Almost everyone is faced with the prospect of leaving their job at some point. Whether you have decided to move, change fields, accepted a better offer, or just wanted to quit, the very idea of offering your ‘two weeks’ notice’ can drive fear into the most forthright employee. Even worse, many employees do not know the various options they have for leaving a job – especially when you leave for another, more lucrative, position. Deciding how much notice you should give when leaving a job is anything but easy.

Before even considering the alternative options available for leaving a job, you must first perform your due diligence. In some cases, an employment contract may exist which specifically details the conditions under which you are allowed to leave your position. These terms must be followed exactly. This information is typically easy to find. If you did not retain a copy of your employment agreement yourself and do not wish to tip off your employer that you may be leaving, you are entitled to a review of your employment file and can easily locate the information.

Next, you must consider the nature of your job. Those in unique positions that may be hard to fill or those in management positions may need to consider giving some additional notice. In some instances it can be helpful to discuss your move with a manager to determine what their expectations are. The general rule of thumb is two weeks and most employees tend to stick with these guidelines.

Unfortunately, in some cases it may be necessary to leave with less than the typical two week notice. This is especially true when an employee that is leaving to pursue another position which they need to start soon. While an employee has the ability to leave their current job immediately, unless otherwise prohibited, it is often not suggested. When determining how quickly you can leave your current position, always remember the old adage: Don’t burn your bridges. In the employment world, many times specific industries are very small and it is easy to get a bad reputation – especially if you leave a position with little or no warning to your employers.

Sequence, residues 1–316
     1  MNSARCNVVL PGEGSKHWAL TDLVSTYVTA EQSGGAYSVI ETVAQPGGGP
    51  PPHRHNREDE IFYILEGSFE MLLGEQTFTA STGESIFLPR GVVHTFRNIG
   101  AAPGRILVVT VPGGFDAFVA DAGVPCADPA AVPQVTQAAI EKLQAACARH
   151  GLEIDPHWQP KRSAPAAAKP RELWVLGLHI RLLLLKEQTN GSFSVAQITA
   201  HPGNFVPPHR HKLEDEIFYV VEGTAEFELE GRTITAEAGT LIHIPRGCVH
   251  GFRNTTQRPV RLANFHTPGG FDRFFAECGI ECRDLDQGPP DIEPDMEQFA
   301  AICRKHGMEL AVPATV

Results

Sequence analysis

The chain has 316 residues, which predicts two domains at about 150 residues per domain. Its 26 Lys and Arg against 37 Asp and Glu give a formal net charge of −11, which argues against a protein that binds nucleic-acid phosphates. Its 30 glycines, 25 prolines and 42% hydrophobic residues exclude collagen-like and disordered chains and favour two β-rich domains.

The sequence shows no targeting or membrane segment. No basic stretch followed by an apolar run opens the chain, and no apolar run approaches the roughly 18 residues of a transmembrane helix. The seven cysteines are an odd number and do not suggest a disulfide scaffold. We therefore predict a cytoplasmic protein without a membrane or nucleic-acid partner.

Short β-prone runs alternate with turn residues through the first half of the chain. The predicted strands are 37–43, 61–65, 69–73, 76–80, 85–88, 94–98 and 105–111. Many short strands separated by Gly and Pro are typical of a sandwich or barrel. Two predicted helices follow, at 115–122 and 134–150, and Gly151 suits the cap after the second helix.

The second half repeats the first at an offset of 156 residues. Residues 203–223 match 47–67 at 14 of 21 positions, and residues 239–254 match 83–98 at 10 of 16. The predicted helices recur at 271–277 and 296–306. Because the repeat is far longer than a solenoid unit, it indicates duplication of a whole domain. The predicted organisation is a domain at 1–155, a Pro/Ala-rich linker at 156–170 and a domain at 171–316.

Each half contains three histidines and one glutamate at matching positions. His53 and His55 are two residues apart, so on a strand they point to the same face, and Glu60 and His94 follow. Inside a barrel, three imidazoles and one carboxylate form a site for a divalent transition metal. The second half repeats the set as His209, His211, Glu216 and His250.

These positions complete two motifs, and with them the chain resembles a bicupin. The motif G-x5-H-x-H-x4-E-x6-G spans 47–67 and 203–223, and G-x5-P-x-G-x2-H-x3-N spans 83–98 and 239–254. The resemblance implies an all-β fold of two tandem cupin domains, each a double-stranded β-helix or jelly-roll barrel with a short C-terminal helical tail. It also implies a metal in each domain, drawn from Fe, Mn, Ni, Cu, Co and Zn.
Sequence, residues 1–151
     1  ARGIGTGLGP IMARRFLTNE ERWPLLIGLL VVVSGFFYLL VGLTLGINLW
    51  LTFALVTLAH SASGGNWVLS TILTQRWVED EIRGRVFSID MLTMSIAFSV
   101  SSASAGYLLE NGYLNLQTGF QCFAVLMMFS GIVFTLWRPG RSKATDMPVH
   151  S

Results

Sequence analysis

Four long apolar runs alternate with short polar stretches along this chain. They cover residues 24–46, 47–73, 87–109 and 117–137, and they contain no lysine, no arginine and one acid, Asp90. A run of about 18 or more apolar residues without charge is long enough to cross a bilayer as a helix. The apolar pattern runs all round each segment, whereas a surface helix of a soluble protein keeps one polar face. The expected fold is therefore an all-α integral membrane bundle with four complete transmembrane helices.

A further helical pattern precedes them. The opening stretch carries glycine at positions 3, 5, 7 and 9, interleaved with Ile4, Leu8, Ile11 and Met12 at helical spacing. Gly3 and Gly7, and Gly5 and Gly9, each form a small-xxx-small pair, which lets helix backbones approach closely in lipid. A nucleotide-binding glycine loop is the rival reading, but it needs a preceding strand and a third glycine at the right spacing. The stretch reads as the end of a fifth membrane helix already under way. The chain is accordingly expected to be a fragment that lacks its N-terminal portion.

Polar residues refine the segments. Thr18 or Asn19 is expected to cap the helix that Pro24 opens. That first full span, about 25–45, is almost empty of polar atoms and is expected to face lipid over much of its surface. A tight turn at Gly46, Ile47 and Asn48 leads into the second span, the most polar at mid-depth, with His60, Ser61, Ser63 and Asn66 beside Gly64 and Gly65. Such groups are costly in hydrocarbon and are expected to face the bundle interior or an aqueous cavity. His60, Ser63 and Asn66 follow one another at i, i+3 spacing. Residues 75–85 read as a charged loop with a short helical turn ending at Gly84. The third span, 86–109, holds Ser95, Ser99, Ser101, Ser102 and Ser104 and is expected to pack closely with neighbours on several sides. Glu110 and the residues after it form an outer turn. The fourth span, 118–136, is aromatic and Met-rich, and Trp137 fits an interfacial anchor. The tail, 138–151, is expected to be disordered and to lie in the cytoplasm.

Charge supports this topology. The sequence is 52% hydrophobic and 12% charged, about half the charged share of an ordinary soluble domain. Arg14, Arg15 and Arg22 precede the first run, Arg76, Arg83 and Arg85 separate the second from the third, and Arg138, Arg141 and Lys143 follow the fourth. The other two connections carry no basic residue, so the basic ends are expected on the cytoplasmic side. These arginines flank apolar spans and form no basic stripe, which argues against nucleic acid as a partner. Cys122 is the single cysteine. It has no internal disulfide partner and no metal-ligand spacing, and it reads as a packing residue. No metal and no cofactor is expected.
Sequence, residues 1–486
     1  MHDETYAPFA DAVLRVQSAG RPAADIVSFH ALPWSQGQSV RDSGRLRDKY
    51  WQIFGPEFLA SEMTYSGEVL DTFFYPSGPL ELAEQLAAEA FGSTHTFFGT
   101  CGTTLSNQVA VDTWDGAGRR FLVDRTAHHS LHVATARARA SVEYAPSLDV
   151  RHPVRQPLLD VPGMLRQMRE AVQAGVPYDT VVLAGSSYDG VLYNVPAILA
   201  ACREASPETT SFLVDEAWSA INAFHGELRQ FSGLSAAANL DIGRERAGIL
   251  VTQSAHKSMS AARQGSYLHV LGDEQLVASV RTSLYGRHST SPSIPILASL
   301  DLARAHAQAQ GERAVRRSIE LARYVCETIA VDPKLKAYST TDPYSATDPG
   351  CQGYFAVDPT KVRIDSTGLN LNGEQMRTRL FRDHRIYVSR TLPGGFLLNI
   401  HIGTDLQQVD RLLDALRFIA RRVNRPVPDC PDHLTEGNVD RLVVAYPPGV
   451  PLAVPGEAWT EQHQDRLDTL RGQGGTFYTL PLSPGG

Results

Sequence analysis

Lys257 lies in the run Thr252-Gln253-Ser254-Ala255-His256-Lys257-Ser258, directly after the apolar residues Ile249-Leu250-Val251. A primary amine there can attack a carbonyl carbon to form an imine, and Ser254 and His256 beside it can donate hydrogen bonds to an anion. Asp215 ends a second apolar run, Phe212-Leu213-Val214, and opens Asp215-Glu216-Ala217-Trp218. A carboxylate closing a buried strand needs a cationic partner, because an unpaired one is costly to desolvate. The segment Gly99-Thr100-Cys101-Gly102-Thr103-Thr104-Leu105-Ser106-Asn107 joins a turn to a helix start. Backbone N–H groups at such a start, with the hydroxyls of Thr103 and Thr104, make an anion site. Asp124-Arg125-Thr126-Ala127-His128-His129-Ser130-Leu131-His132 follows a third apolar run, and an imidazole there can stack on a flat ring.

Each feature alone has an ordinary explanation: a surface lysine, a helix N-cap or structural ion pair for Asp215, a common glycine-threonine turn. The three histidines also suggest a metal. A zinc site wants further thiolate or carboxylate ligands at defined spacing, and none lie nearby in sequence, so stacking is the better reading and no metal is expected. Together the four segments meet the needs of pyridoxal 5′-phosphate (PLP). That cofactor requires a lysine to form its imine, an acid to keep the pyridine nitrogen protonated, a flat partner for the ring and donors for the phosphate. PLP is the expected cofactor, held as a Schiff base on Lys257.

Or, in other cases, the employer may ask you to leave immediately. This happened to me. Twice. In both cases, the reasons had to do with the competition and clients (even though I wasn’t going to a competitor either time). When that happens, you have no choice but to leave. I didn’t mind. That meant some much needed time off before the next job.

Like many facets of employment, how you handle your departure from a current position says a lot about you as a person. By handling an exit with grace and professionalism, you can easily begin to establish yourself as an employee with integrity. It is important to handle every aspect of your departure in a professional manner. From letters of resignation to the goodbye lunch, behaving in a professional way will make you stand out.

Knowing how much time to give your current employer is a complex issue. It is one that is best handled by following the guidelines set forth in your employment contract. If one does not exist, be sure to approach the issue professionally and to work as closely as possible to ensure a smooth transition.

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4 Responses

10.19.11

Very good tips for those trying to make the decision whether or not to put their notice in. I especially agree with your point about researching any contractual agreements that were made with the employer. Remember that signing bonus? You probably don’t want to have to give that back, so it is imperative to check all of your paperwork before you submit your notice.

Sandy

10.19.11

I agree Sandy. Many companies that offer signing bonuses do so with a caveat…that you remain employed there for a certain amount of time. If you resign before that time period is up, you may be required to pay back some, or all of your signing bonus to the employer.

Thanks for the comment!

~ Ava

[...] you leave your current job, make sure you have something to fall back on. Make sure you have your dream job [...]

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